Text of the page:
THE ART OF WAR. false, or to guard his imagination against implicitly crediting their fa- THE art of war has undergone a bles. A sincere convert to pagan. considerable change in the course jsm would be deemed, in the present of the eighteenth century; and the age, quite a prodigy. Some may rapidity of the movements, as well deem such opivions not absolutely as the extensive line on which they inconsistent with sound intellects; are conducted towards its close, but, in general, such belief would be form a striking contrast to the prethought the clearest evidence of cision and regularity which in the madness. Thomas Taylor, an emi. early part of the century distin. nent scholar, now alive, has avowed guished the campaigns of the duke his belief in paganism in the most of Marlborough, The great Fre. positive manner; but the volumi deric brought the old system to its nous publications of this man afford utmost perfection; the Austrians numerous proofs, besides this one, of adopted it, and have been compelled insanity.
to change it by the French, who This kind of education, this early have made as great a revolution in and intimate acquaintance with all their art of war as in their politics. the apparaius of the old Roman religion, has been fashionable during sereral centuries. The most eminent dignitaries of the church, and For the Literary Magazine. some of the most famous devotees, have been celebrated for their know. INFLUENCE OF RELIGION ON ledge of, and attachment to this
- HAPPINESS. mythology. Nay, in almost every European hierarchy, this kind of WHETHER happiness or misery knowledge has been an indispensa. occupies the heaviest scale, in the ble qualification of a teacher of the balance of human experience, is a gospel. To be conversant with the question that will never be univerlistory, literature, and religion of a sally decided. The tribe of benenation that was not christian, and volent philosophers fancy that the
good greatly predominates, and draw - What truth on earth so precious as inferences from the wonder-work
the lie! ing power of habit, not only to equalize the goods of every condition in « My idle reasonings sometimes human life, but almost to annihilate make me a little sceptical, but the the evils. Wealth, they say, is ac- necessities of my heart always give companied with its train of peculiar the cold philosophizings the lie. evils, and poverty by a numerous Who looks for the heart weaned company of benefits, to which po- from earth ; the soul affianced to verty alone gives a claim.
her God; the correspondence fixed Let us listen to the feelings of one with heaven; the pious supplication who received a full measure of the and devout thanksgiving, constant as joys and sorrows of this life; and if the vicissitudes of even and morn; speculation can but little help us to who thinks to meet with these in a right decision, let us bow to the the court, the palace, in the glare of lessons of experience. The poet public life? No: to find them in Burns expresses himself thus, in a their precious importance and diletter to a friend :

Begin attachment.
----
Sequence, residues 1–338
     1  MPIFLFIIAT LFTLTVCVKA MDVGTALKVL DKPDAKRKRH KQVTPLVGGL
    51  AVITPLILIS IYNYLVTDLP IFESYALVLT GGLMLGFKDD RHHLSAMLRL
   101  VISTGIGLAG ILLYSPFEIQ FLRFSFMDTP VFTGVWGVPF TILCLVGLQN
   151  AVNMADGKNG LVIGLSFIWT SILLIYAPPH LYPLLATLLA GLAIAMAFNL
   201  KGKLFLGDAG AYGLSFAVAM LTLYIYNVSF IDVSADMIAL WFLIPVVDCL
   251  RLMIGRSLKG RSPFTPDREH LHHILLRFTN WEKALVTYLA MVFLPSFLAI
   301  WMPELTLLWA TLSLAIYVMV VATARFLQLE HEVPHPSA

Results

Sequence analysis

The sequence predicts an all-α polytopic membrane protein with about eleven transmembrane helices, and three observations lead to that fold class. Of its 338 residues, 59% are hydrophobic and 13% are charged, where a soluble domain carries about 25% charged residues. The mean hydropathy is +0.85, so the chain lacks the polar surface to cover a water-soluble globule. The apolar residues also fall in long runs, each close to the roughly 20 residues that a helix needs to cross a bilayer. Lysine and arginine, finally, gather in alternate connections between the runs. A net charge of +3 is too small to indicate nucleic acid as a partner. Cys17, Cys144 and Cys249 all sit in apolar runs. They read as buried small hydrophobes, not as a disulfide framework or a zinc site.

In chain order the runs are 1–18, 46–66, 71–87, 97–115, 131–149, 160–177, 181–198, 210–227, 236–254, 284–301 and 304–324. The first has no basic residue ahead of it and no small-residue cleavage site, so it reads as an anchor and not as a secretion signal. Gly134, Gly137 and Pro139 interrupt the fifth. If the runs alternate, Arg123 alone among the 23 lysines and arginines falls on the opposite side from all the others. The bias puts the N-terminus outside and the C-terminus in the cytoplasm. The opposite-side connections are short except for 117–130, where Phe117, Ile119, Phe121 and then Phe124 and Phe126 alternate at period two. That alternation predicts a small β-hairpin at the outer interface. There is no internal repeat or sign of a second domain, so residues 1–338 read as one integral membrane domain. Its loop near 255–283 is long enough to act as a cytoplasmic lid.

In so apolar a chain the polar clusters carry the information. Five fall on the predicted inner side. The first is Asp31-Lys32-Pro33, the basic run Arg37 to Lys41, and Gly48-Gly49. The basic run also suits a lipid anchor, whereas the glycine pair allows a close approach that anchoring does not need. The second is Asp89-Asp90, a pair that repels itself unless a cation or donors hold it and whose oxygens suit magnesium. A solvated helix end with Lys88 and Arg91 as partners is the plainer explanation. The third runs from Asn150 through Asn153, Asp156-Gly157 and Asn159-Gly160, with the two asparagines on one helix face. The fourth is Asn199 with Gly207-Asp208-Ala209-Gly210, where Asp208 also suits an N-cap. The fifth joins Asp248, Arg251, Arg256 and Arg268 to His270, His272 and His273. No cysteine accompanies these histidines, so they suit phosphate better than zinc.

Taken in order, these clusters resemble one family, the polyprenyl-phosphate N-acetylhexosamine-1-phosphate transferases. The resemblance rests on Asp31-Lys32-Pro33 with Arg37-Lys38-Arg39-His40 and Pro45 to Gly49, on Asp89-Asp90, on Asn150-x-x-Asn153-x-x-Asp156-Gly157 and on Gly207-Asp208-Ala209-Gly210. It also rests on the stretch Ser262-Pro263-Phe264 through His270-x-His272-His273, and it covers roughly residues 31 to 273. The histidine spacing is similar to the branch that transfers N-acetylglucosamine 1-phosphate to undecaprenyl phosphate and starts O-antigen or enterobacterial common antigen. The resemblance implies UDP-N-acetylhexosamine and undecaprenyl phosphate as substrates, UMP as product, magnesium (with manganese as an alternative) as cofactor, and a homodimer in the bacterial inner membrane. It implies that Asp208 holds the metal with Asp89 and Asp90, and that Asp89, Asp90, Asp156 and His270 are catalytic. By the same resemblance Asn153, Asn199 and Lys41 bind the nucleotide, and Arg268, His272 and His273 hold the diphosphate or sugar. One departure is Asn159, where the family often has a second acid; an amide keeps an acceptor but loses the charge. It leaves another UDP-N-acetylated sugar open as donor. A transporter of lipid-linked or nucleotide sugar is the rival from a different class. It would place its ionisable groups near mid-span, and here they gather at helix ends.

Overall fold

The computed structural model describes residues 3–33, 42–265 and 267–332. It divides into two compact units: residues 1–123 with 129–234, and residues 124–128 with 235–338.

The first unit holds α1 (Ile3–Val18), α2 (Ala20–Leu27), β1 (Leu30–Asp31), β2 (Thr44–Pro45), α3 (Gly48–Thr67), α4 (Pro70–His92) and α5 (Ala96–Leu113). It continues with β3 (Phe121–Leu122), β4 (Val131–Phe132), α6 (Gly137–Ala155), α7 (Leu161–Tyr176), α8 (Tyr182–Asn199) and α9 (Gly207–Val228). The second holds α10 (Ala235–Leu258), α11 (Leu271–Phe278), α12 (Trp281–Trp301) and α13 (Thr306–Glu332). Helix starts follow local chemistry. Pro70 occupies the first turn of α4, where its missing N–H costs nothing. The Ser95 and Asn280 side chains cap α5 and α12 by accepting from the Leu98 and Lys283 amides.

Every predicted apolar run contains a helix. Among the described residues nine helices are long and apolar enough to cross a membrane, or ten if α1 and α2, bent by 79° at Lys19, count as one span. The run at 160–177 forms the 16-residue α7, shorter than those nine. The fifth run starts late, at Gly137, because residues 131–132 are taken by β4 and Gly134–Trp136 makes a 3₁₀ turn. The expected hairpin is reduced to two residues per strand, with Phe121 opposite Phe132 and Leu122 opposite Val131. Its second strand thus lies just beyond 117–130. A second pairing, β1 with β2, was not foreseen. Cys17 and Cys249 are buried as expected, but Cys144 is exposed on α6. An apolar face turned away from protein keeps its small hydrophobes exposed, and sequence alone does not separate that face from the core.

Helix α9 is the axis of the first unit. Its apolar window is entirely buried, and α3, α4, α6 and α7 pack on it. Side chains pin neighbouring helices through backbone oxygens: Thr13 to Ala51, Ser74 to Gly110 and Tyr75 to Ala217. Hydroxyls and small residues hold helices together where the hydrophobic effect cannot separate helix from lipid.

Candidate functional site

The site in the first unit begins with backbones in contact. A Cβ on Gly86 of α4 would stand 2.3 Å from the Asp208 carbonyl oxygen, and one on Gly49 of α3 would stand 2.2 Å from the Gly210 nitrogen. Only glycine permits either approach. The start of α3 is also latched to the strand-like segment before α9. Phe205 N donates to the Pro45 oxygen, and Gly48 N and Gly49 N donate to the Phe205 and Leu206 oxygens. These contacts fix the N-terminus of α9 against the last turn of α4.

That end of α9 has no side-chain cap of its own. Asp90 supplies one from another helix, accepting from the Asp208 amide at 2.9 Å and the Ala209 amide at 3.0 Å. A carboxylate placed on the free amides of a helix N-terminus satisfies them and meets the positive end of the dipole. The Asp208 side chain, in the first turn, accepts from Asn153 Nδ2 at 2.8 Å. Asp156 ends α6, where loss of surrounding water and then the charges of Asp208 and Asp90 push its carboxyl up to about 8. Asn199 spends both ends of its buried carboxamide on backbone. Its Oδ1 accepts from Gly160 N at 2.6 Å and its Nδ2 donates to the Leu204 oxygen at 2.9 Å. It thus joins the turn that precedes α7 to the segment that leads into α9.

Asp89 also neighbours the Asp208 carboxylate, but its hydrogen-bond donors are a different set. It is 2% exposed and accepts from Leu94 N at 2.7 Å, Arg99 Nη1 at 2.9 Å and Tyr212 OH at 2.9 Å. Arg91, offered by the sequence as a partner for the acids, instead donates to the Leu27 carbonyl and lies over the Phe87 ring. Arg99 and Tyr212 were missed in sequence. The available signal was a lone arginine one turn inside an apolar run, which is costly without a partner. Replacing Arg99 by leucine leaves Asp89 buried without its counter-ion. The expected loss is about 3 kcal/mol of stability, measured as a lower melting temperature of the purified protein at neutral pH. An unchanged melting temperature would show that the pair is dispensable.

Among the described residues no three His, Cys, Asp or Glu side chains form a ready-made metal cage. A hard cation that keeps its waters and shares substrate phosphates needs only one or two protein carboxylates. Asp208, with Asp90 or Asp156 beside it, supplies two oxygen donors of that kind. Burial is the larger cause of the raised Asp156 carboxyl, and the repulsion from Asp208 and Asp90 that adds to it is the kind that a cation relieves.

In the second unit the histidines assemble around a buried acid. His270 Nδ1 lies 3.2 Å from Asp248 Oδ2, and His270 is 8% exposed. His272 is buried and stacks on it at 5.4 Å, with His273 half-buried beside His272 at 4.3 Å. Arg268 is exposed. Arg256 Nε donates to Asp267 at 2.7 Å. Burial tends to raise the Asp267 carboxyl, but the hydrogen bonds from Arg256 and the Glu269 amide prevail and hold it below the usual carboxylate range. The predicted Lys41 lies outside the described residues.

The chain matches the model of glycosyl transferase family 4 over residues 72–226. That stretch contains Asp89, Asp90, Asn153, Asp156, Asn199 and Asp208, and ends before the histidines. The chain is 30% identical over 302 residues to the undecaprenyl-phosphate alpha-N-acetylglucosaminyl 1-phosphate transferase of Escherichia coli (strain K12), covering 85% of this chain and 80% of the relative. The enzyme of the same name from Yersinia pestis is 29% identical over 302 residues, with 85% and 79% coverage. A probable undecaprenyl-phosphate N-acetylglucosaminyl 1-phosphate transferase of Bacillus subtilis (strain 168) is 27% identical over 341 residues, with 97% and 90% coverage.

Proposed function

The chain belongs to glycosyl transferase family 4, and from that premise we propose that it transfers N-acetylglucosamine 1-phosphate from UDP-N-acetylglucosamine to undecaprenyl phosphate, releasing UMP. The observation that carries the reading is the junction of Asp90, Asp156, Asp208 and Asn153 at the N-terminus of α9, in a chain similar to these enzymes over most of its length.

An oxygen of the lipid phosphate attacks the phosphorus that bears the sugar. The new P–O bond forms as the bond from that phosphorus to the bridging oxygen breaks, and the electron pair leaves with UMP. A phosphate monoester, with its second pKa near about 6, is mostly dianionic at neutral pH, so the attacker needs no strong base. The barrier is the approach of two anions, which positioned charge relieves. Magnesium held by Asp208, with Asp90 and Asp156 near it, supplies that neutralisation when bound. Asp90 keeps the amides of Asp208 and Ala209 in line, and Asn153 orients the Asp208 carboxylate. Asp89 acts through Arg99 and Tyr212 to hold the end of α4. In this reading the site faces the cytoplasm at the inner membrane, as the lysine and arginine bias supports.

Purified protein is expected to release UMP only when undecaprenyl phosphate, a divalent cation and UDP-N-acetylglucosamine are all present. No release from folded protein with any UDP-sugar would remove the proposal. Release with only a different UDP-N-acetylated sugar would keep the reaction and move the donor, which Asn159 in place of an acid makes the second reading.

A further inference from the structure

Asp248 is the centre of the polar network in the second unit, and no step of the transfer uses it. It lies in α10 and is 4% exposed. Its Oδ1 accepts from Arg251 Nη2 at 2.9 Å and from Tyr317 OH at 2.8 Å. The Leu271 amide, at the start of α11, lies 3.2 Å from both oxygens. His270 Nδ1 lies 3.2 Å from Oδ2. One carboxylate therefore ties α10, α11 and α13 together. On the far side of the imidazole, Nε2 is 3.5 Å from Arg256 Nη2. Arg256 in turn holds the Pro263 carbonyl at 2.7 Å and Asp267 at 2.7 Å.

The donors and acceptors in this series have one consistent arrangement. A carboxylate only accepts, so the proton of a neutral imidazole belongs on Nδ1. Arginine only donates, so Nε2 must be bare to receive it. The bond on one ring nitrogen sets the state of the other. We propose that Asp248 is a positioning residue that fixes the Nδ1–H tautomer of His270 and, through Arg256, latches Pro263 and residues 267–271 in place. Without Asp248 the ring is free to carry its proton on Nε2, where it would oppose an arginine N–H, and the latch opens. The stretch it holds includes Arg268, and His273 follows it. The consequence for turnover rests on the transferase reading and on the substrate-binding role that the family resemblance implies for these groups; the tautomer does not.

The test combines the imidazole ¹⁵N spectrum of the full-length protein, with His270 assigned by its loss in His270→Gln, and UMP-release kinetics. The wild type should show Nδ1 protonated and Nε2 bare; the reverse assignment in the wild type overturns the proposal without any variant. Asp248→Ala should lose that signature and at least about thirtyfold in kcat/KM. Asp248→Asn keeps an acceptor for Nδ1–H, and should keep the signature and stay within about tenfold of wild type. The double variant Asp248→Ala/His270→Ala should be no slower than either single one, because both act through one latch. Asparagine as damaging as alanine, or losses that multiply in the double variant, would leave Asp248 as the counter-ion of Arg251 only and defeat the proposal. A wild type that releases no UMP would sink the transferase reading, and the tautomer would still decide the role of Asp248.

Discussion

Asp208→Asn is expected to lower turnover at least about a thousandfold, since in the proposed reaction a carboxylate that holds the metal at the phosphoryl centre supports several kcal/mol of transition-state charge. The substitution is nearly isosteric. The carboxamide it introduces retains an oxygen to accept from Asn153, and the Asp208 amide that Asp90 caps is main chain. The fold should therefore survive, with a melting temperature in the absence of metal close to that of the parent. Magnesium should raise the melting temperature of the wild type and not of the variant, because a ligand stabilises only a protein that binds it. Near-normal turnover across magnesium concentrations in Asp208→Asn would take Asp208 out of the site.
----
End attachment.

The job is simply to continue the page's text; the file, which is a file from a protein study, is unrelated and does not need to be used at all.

vine efficacy, we must search among “ After all that has been said on the obscure recesses of disappointthe other side of the question, man ment, affliction, poverty, and disis by no means a happy creature. tress.” I do not speak of the selected few, Religious people tell us, that, in a favoured by partial heaven ; whose future state, all the disorders of the souls are tuned to gladness, amid present system of things will be rec. riches and honours, and prudence tified, that every suffering will be and wisdom. I speak of the neglect- amply compensated, and man deed many, whose nerves, whose sin- prived of even the power to injure ews, whose days, are sold to the himself, to impair his own felicity. minions of fortune.
By these reasonings it is generally “ If I thought you had never seen intended merely to raise the sum of it, I would transcribe for you a good, to intellectual beings, higher stanza of an old Scottish ballad, call- than the sum of evil ; but the truth ed, "The Life and Age of Man ;' is, that such considerations produce beginning thus :
an immediate effect. They fill the
mind, directly and immediately, ''Twas in the sixteenth hunder year
with joy and hope. The prospect Of God and fifty-three,
of future good annihilates the preFrae Christ was born, that bought us sent evil. The reward is possessed dear,